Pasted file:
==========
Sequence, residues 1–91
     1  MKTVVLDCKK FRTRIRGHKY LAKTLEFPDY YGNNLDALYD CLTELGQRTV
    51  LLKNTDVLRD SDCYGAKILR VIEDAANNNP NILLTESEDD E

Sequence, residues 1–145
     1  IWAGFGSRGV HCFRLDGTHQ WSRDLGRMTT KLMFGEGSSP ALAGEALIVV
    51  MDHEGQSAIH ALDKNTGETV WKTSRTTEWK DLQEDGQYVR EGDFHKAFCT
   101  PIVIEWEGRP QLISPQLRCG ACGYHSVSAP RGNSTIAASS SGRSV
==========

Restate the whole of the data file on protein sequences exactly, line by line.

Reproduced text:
Sequence, residues 1–91
     1  MKTVVLDCKK FRTRIRGHKY LAKTLEFPDY YGNNLDALYD CLTELGQRTV
    51  LLKNTDVLRD SDCYGAKILR VIEDAANNNP NILLTESEDD E

Sequence, residues 1–145
     1  IWAGFGSRGV HCFRLDGTHQ WSRDLGRMTT KLMFGEGSSP ALAGEALIVV
    51  MDHEGQSAIH ALDKNTGETV WKTSRTTEWK DLQEDGQYVR EGDFHKAFCT
   101  PIVIEWEGRP QLISPQLRCG ACGYHSVSAP RGNSTIAASS SGRSV